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Linda Luisi, a Carlsbad resident, is working to help the Oceanside Kitchen Collaborative gather donations from home gardens that have plants overproducing. Courtesy photo
Linda Luisi, a Carlsbad resident, is working to help the Oceanside Kitchen Collaborative gather donations from home gardens that have plants overproducing. Courtesy photo
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O’side Kitchen Collaborative wants garden overflow

CARLSBAD — Carlsbad resident, artist and home gardener, Linda Luisi, is one of many North County residents passionate about food and health and looking for ways to help.

And if your trees provide more fruit than you can eat, she suggests you drop it off at The Oceanside Kitchen Collaborative near Oceanside Boulevard.

Luisi’s veggies were picked up by Crystal from The OKC, which is another easy option offered by this nonprofit operation, with The Oceanside Green Kitchen’s zero waste policy. The OKC cooks and delivers thousands of meals daily. To contribute, to volunteer, or if you need food, call or visit theokc.org/.

“More people than ever are starting gardens, Luisi said. “We cannot tell from front yards, but many homes have extensive backyard veggie and fruit gardens. I chose butternut squash to donate because it’s hardy. It stays fresh for weeks, rather than rotting while waiting for processing. With people losing homes, jobs, and the ability to eat healthy food, let’s intentionally plant one extra veggie plant for them.”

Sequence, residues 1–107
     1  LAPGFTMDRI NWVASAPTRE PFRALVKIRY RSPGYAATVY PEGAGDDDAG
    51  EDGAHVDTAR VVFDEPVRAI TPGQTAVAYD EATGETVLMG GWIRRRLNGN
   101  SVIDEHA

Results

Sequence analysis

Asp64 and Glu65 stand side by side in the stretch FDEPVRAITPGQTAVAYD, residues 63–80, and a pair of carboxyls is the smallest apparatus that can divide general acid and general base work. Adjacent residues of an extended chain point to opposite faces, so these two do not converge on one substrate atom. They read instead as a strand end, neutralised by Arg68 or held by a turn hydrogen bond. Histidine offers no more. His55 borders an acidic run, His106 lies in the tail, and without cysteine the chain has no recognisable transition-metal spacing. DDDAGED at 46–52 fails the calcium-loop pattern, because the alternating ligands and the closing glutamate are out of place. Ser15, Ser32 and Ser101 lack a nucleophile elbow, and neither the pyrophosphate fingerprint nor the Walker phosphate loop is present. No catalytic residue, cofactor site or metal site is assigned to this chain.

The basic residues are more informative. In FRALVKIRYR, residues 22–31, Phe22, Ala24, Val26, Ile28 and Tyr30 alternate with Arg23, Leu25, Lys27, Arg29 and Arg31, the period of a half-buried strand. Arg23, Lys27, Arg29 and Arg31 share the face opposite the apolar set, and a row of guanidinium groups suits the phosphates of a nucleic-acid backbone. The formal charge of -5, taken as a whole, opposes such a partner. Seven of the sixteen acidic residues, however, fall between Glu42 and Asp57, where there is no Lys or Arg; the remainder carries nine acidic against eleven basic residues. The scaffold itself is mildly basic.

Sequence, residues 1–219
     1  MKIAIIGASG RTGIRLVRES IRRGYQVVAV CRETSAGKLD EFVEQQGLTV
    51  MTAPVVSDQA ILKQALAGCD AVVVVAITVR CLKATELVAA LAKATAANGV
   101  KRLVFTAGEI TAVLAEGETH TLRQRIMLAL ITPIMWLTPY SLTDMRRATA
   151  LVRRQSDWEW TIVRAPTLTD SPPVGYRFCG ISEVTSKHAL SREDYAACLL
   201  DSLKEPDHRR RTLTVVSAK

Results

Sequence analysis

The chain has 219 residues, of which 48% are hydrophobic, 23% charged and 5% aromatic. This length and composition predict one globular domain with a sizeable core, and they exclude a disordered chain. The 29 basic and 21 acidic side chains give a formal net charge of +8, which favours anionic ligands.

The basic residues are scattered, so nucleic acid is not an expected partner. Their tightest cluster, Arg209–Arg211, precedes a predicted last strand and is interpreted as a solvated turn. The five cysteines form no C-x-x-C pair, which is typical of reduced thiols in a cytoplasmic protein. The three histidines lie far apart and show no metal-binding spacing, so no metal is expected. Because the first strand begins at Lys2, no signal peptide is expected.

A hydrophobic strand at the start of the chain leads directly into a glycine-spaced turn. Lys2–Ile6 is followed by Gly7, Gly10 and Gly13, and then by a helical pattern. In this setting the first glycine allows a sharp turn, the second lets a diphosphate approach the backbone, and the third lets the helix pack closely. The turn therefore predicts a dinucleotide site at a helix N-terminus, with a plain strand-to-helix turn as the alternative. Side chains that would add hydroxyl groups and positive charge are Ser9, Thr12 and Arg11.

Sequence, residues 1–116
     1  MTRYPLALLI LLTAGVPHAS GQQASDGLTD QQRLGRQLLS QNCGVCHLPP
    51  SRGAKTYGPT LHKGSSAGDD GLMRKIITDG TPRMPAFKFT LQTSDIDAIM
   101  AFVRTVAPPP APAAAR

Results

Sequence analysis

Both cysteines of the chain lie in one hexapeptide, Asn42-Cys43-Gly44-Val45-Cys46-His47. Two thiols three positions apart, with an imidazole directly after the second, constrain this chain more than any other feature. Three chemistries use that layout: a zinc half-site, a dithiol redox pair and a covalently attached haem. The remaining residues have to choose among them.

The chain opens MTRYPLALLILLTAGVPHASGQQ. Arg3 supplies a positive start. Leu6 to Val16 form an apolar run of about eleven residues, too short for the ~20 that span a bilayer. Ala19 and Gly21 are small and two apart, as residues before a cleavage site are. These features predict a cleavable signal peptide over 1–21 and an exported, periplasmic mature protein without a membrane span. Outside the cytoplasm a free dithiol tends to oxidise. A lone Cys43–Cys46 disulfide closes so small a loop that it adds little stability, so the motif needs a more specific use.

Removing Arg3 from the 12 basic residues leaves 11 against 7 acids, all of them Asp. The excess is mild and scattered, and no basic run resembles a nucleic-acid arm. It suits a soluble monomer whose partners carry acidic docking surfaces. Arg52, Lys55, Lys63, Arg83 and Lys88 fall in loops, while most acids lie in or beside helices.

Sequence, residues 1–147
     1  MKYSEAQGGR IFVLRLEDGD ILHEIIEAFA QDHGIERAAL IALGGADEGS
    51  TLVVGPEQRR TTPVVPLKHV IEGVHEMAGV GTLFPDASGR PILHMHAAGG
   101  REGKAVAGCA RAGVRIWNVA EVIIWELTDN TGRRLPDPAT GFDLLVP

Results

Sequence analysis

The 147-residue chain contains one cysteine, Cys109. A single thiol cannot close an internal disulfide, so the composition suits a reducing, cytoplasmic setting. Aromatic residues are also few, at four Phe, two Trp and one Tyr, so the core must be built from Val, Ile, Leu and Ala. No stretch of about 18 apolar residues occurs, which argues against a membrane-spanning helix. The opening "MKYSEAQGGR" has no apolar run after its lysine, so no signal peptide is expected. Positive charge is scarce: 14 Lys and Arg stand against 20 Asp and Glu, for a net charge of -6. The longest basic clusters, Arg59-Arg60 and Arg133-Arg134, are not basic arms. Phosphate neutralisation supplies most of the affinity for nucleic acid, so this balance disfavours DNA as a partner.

“Did you know most pumpkin pies are made with squash? These butternuts have an edible thin skin, and are very dense, unlike huge hollow pumpkins. This makes them very efficient to grow and cook,” she added. “And they reproduce like bunnies! They are still multiplying in my yard. Fresh homegrown veggies make a big difference in the taste and nutritional quality of meals. Plant butternut squash in the spring. Hardy veggies, such as beets and broccoli, can be started in fall for winter harvest.”

The OKC asks that donors call first at (760) 707-8108.

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